How would the Australian Rotary Rural Health Scholarship help with my studies at the Rural Clinical School?
I grew up on a dairy farm in Meningie, and then later Victor Harbor in a family of 4 children, where I was exposed to numerous family health issues and navigating the health system. From the experiences of significant wait times to get into appointments and often having to travel for appointments, I developed a passion for rural health and any opportunity to help provide equal access to health care across rural Australia.
In 2021, I completed my surgical placement at the Whyalla hospital, and I was overwhelmed with the welcoming community and the sense of purpose and service, which I have never truly felt in the metropolitan hospitals. I deeply valued this sense of community, which inspired me to further my rural medicine experience and seek the exciting opportunity of a whole year of placement at Port Augusta in 2022. I am so thankful for this opportunity to further develop my passion for rural health. Exposure to rural health disparities will motivate me to be the best doctor I can be to ensure I competently provide medical care as a rural practitioner when I complete my degree.
I am also really excited for the opportunity to be involved in care of the Indigenous population of Port Augusta in a culturally competent way, and to be part of bridging the gap in health outcomes. Port Augusta has a significant Indigenous population and I have no doubt it will be an eye-opening experience in realising the barriers the community faces in terms of access to health care. I would actively promote indigenous access to health care and do what I can to develop health literacy.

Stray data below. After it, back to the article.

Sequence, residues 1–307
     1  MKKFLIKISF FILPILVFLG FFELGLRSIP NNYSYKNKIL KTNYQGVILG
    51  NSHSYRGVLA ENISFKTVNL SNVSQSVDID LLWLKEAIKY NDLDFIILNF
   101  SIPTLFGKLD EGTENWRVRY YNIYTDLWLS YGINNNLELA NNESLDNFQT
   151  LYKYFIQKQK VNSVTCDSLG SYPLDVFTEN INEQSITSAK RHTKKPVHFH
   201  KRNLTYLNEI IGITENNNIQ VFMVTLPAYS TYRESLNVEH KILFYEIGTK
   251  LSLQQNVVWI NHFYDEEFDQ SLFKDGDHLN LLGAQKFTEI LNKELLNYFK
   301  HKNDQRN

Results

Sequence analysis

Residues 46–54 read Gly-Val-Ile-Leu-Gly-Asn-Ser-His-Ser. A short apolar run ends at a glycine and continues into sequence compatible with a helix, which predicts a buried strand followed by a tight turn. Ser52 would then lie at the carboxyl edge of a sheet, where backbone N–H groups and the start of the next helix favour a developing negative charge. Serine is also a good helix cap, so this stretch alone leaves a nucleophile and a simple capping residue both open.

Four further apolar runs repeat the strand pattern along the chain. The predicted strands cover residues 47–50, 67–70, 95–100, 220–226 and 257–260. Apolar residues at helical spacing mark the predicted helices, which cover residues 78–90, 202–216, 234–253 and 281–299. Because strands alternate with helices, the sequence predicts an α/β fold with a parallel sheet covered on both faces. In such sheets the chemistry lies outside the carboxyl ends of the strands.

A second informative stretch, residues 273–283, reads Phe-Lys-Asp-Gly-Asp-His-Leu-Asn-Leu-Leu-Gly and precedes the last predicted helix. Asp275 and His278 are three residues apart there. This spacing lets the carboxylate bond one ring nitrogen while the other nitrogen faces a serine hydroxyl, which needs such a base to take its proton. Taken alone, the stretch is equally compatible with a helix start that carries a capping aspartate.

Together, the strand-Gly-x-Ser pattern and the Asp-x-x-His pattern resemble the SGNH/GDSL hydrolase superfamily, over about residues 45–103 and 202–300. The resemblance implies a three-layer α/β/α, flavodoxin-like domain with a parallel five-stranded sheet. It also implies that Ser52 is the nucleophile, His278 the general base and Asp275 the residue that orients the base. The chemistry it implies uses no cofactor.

I have a great appreciation for how Rotary Clubs of rural towns facilitate a sense of community and opportunity for people within the community. I personally have often been involved in the Rotary Club in Victor Harbor by entering my own art works in the annual Rotary Art Show. I deeply value community and really enjoy any public speaking opportunities.
Upon completion of my degree, I hope to be an activist in recruitment for rural doctors and aid in the development of a strong and equal health care system in the rural setting in SA. I would be so grateful to be a recipient of the Australian Rotary Health Rural Scholarship to help me to achieve my dream to be a rural generalist doctor and help to promote equal access and break down barriers to health care access in the rural setting.
Current Progressive Report
I am incredibly grateful to have been the recipient of the Australian Rotary Health Scholarship for Rural Clinical School Students 2022. I never could have imagined how valuable spending my penultimate year of medicine – rurally – would be for my learning both personally, and professionally. So far I have completed 6 months of placement at Port Augusta. The learning opportunities have been incredibly varied – I have seen interesting cases and several firsts, including observing a birth and being present for a death. You can never prepare for the emotive power of these events, and they reawakened my awe of the capabilities of the human body.
I grew up on a dairy farm in Victor Harbor, something I am very proud of, and so I have a great understanding of what life is like in a rural community and hope to provide my services to rural communities as a medical practitioner. The demand for health professionals in rural areas continues to increase as populations grow at a rapid rate – putting increased pressure on the health system to provide efficient and quality health care. Equal access to health care is important to me and having the opportunity to be placed rurally for a whole year will further develop my understanding and passion for rural medicine. In 4th year, I spent 8 weeks in Whyalla for a surgical placement which consolidated my desire to attain a rural placement for 5th year. A key point I valued most about this experience was the willingness of the community to embrace my presence and provide a quality learning experience. I was made to feel like I was a valuable member of the team – as I was asked to complete jobs including, cannulation prior to surgery, parallel consult in clinic, and assist with other procedural aspects.